Many drivers put up with faults simply because they don’t know what to do if they’re unsatisfied with their car or motorbike. If you’re at your wits’ end with a problem on a recently bought vehicle that seems beyond repair, you may want to consider rejecting your vehicle.
Rejection is not something to be taken lightly. And you must give the dealer a chance to rectify any faults before you go ahead. However you choose to proceed, if matters have become serious enough to consider rejection, it’s worthwhile making sure all interaction with the dealer is documented. Most importantly, any agreements with regards to work the dealer promises to undertake should be in writing. If you’re still not satisfied, here’s how to reject your vehicle.
Grounds for rejecting a car that’s less than six months old
If your car or motorbike goes wrong and is less than six months old there’s good news: the Sale of Goods Act 2003 says that consumers have six months from the date of sale in which to request a repair or a refund.
The onus rests with the supplying trader (car dealer), to prove that the fault was not present at the time of the vehicle’s manufacture. So, in a nutshell, it’s probably easier for them to fix the fault.
It’s also worth mentioning that Unfair Trading Regulations mean dealers must not give false information or withhold information about a car or motorbike from the prospective buyer. If, for example, the dealer knows that a car has been badly repaired, but hides this from a buyer, they’re in breach of the law.
It’s also worth adding that the sales person should not pressure a customer into buying a car or any associated finance, warranty or aftercare packages.
Rejecting a new car bought online
If you bought a new or nearly-new car online, you’re protected by the laws outlined above.
How to reject a car or motorbike that’s more than six months old
Under the Sale of Goods Act 1979 and the Supply of Goods Act 1994, consumers are entitled to ask for a repair or replacement of goods for up to six years after they bought them, as long as it is reasonable for them to have lasted this long.
First, know who to complain to, says Gillian Guy, chief executive of Citizens Advice. “It’s vital to contact the right person, at the correct address quoting any relevant reference numbers. Be specific, quote exact dates and facts.”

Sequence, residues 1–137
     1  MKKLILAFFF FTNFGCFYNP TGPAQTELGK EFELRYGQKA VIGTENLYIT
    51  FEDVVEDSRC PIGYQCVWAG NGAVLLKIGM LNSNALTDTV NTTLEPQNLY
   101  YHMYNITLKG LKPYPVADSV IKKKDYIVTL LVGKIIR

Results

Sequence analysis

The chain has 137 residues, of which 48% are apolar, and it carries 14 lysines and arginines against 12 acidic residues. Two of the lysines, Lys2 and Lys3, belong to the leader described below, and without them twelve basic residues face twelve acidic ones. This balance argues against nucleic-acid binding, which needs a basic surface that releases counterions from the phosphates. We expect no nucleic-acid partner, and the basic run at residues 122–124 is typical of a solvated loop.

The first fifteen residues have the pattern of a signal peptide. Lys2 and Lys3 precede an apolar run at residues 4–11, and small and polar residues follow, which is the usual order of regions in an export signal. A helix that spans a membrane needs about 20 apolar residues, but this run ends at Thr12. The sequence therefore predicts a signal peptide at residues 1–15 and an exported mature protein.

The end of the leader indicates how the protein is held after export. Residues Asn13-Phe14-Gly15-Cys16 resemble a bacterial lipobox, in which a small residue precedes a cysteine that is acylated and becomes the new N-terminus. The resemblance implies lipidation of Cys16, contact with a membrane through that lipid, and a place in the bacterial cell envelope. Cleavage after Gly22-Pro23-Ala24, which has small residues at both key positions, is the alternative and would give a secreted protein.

So, in the case of a car dealer, you should find out who the boss is, otherwise known as the dealer principal. Then write to them, clearly explaining the vehicle’s fault in a concise, unemotional manner. If you can find evidence for this being common on your make and model of car or motorbike – such as in online owners’ forums – all the better. Offer them the chance to rectify the fault. If they can’t fix it or decline to make a repair, write again and formally reject the vehicle.
It’s worth noting that by attempting to repair the fault without the owner’s consent, this could be interpreted as ‘acceptance of rejection’. It may mean that the dealer is then bound to accept the car’s rejection.
If the dealer refuses to accept the rejection of a car they sold you, take up the matter with the vehicle manufacturer, Trading Standards and the Citizen’s Advice Bureau.
It might be that the matter will have to be settled in court. If the value of the car being contested is under £10,000, this will be done in the small claims track. Sums of £10,000 to £25,000 are placed in fast track, and anything over £25,000 is classified as multi track. Small claims are relatively straightforward, but the other processes will likely require professional advice from a solicitor, making them more expensive.
What if you part-exchanged a car?
If you reject a car and the supplying dealer took your old car in part-exchange, you are entitled for it to be returned, or if it has been sold, you can have its value refunded.
Links to help when rejecting a car
Consumer Council (Northern Ireland)
Motorcycle Industry Association
Retail Motor Industry Federation
Trading Standards Institute